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SERMON I.

ST. PAUL A PATTERN OF THE LONG SUFFERING OF GOD.

1. FIMOTHY, i. 16.

Howbeit for this cause I obtained mercy; that in me, first, Jesus Christ might shew forth all long-suffering for a pattern to them, which should hereafter believe on him to life everlasting.

THE Character of St. Paul on many accounts is highly deserving of our attention. His constant labours, his successful ministry, his Christian attainments must ever be regarded with admiration, delight, and profit. The circumstance, however, which most powerfully claims our notice, is his miraculous Conversion, or that exceeding abundant Grace, which was vouchsafed in bringing him from darkness to light, and in making him a believer, and even a preacher of that Gospel which he had before denied and persecuted. The consideration of this extraordinary event is full of instruction, but especially, it sets before us the most encouraging display of God's rich mercy towards Sinners. It is this view of the subject, which St. Paul himself gives VOL II. 2

in the text. Having spoken in very strong terms of his own unworthiness and guilt, he adds; "Howbeit for this cause I obtained mercy; that in me, first, Jesus Christ might shew forth all long-suffering, for a pattern to them, which should hereafter believe on him, to life overlasting."

In considering this passage, let us fix our thoughts on two particulars contained in it.

I. The Mercy, which St. Paul obtained.

II. The Cause, for which he obtained it.

I. To say that any one sinner has more pretension to God's mercy than another, would be to talk absurdly : for no sinner can have any pretensions to mercy. Mercy, in its nature and its operations are wholly free. It is favour shewn to objects, who in themselves are utterly unworthy of it. Sinners, indeed, may greatly differ in their degrees of guilt. But still the least guilty sinner can lay no claim to the divine Compassion for in that case to shew Compassion to him would be an act, not of Mercy, but of Justice. In this respect all sinners are on a level. They all need mercy, and they must all receive it as a free gift; which none deserve, and to which therefore no one can have better pretensions than another.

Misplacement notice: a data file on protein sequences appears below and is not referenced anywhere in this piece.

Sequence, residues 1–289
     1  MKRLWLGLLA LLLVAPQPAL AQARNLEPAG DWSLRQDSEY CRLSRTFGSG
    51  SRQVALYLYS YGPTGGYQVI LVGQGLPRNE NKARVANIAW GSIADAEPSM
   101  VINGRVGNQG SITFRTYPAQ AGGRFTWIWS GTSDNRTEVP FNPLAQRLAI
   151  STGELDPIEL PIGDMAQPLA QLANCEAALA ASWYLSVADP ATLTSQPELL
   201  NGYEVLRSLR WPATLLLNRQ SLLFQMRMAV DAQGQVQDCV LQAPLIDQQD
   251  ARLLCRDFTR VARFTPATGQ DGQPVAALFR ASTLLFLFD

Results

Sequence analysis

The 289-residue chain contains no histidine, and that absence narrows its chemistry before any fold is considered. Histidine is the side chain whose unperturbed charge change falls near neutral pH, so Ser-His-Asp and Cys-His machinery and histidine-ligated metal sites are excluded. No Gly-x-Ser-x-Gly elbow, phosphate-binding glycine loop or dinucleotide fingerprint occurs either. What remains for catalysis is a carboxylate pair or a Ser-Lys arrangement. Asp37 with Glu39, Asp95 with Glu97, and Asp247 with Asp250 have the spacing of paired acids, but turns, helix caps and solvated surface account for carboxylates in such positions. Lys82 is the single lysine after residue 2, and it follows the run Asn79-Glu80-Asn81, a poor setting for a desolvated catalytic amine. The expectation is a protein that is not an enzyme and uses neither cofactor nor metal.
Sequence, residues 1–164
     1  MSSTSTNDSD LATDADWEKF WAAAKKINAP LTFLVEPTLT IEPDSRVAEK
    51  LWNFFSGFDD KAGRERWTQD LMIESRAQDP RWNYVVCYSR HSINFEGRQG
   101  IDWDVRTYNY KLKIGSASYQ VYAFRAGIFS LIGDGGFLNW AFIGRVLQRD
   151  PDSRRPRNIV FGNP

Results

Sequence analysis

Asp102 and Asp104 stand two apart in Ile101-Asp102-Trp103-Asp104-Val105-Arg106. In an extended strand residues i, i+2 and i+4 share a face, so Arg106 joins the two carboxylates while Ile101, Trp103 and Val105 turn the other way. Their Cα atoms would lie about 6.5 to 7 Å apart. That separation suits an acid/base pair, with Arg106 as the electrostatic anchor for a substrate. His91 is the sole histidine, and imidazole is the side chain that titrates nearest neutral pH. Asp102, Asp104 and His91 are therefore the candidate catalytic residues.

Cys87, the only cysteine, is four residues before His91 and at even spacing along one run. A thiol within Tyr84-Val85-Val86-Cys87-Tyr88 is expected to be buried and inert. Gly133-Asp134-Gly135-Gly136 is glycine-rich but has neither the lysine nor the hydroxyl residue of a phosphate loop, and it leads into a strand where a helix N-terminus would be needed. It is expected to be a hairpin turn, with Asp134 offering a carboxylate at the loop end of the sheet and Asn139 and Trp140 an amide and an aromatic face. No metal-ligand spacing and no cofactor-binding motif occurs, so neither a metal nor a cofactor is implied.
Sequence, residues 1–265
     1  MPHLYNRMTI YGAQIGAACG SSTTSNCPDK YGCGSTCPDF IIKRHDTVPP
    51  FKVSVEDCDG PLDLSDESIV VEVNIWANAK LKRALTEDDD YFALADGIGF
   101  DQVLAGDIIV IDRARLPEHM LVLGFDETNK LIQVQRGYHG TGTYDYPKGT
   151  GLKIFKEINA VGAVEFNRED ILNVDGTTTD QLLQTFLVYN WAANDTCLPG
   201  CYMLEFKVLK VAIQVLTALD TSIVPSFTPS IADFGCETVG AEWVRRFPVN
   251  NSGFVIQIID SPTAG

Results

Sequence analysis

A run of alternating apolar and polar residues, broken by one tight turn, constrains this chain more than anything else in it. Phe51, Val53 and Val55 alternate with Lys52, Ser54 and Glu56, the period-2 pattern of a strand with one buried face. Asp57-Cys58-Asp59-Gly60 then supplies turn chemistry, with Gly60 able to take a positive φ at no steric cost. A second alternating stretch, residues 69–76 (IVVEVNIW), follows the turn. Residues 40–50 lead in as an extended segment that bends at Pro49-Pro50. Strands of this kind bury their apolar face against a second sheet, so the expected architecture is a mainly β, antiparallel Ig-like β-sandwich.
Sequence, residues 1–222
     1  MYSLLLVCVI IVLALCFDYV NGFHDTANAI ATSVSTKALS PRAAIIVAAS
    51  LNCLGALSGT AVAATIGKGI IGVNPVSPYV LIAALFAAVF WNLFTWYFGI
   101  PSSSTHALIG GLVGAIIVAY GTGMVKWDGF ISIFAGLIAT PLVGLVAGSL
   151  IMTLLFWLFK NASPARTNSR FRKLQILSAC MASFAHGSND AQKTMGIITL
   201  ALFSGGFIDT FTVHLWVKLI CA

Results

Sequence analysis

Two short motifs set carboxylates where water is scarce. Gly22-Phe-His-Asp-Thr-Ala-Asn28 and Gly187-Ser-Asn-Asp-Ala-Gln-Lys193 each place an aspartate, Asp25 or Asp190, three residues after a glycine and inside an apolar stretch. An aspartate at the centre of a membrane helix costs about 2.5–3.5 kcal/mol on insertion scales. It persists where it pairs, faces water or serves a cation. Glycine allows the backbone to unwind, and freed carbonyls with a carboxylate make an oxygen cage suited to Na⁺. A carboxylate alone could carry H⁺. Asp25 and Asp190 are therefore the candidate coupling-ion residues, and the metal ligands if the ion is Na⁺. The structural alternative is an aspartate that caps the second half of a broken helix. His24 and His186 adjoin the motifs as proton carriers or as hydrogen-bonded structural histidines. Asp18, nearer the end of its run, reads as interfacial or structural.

But while we admit this truth, it is no contradiction to say, that some sinners stand in need of greater mercy than others; that some, according to our view of things, are less likely to obtain mercy than others; that some, having contracted guilt of a deeper dye, require a larger measure of grace to absolve and cleanse them, than others, whose sins are comparatively of a lighter

bue. To pardon the least sinner is great mercy: but to pardon a Sinner, who has long resisted the calls of grace, who has sinned with a high hand, and has hardened himself in wickedness; to pardon a sinner of this kind would be still greater mercy. Such an act of grace would more strikingly shew the riches of divine love. Now such is the act of grace, which St. Paul considers to have been shewn in his favour. While be tells us, that he "obtained mercy;" he yet speaks of himself, as of all men the least likely to have obtained it; yea, of all men, as he thought, the most unfit to ob- . tain it. "Howbeit I obtained mercy."-This is a way

of speaking which implies, that there were in his case, some peculiar circumstances, which made it more difficult, at least less probable, for him to obtain mercy than for others; circumstances, therefore, which, when mercy was obtained, proved it to have been beyond measure great and wonderful. Let us see what these circumstances were. They, in fact, are all contained in two particulars; the character and conduct of the apostle before he obtained mercy.